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add priority parameter to dnf repo files when using third party repos?

asked 2018-04-29 13:18:22 -0500

didier gravatar image

updated 2018-05-01 05:35:05 -0500

hhlp gravatar image

Hi, I'm new to linux and have chosen to use fedora workstation as my main os now. Recently, I've been reading a centos administrator book where it is recommended to use the priority plugin with yum when using third party repos. This would have the benefit to prioritize security patches from the original repos in favor of third-party repos.

DNF seems to have a builtin priority parameter.

Should you configure the priority parameter when using third party repos with dnf when using fedora?

I'm using the following priority settings on the enabled=1 hosts in my repo files:

/etc/yum.repos.d/fedora.repo:priority=1
/etc/yum.repos.d/fedora-updates.repo:priority=1
/etc/yum.repos.d/rpmfusion-free.repo:priority=10
/etc/yum.repos.d/rpmfusion-free-updates.repo:priority=10
/etc/yum.repos.d/rpmfusion-nonfree.repo:priority=10
/etc/yum.repos.d/rpmfusion-nonfree-updates.repo:priority=10

What would you recommend or what is your experience? Thank you very much! Kind regards, Didier

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answered 2018-04-30 08:30:13 -0500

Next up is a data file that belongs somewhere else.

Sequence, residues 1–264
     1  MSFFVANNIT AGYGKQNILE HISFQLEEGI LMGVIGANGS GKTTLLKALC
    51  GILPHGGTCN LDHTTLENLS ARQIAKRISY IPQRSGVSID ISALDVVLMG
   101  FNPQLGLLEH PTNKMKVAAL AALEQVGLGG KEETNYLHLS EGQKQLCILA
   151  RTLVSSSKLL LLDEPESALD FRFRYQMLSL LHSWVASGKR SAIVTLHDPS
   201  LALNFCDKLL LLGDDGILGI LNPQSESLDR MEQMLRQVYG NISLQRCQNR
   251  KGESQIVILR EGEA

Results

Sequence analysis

florian gravatar image

updated 2018-04-30 09:34:13 -0500

This is what the manual says about the priorityconfiguration: (http://dnf.readthedocs.io/en/latest/c...)

The priority value of this repository, default is 99. If there is more than one candidate package for a particular operation, the one from a repo with the lowest priority value is picked, possibly despite being less convenient otherwise (e.g. by being a lower version).

Reading that, I think this is different from what you had thought. It means that priority only comes to play when there is a package available from several repositories - then dnf selects the repo with the lowest priority.

What you are trying is to prioritize a certain repo (i.e. fedora-updates) over another one (i.e. rpmfusion-nonfree-updates). I don't see why you would want to do that. Once dnf runs an update, it will just update all packages available for update. If one repo is unavailable it will skip the broken repo. Is your concern out of limited bandwidth?

Also note, security patches are not only provided by Fedora's standard repos. If there is a security-related issue with one of the packages installed from a third-party repo, you receive the update from there. So, in that case, you may not want to have lower priority for 3rd party.

If you ask me, leave everything as is.

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Asked: 2018-04-29 13:18:22 -0500

Seen: 595 times

Last updated: May 01 '18